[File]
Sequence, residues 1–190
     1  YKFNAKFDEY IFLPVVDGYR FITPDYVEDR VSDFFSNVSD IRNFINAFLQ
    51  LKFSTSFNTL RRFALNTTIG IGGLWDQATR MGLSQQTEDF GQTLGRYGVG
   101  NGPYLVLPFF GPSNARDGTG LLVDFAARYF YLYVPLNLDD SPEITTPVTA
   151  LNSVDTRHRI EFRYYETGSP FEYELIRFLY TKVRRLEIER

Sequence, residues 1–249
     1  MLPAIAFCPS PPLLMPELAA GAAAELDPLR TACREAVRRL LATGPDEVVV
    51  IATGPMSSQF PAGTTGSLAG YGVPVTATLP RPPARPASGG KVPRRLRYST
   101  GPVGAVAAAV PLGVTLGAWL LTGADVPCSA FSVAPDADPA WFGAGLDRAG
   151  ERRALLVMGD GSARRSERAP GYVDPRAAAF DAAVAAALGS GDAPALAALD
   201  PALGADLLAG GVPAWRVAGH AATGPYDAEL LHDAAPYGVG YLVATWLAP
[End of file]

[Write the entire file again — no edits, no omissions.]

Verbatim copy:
Sequence, residues 1–190
     1  YKFNAKFDEY IFLPVVDGYR FITPDYVEDR VSDFFSNVSD IRNFINAFLQ
    51  LKFSTSFNTL RRFALNTTIG IGGLWDQATR MGLSQQTEDF GQTLGRYGVG
   101  NGPYLVLPFF GPSNARDGTG LLVDFAARYF YLYVPLNLDD SPEITTPVTA
   151  LNSVDTRHRI EFRYYETGSP FEYELIRFLY TKVRRLEIER

Sequence, residues 1–249
     1  MLPAIAFCPS PPLLMPELAA GAAAELDPLR TACREAVRRL LATGPDEVVV
    51  IATGPMSSQF PAGTTGSLAG YGVPVTATLP RPPARPASGG KVPRRLRYST
   101  GPVGAVAAAV PLGVTLGAWL LTGADVPCSA FSVAPDADPA WFGAGLDRAG
   151  ERRALLVMGD GSARRSERAP GYVDPRAAAF DAAVAAALGS GDAPALAALD
   201  PALGADLLAG GVPAWRVAGH AATGPYDAEL LHDAAPYGVG YLVATWLAP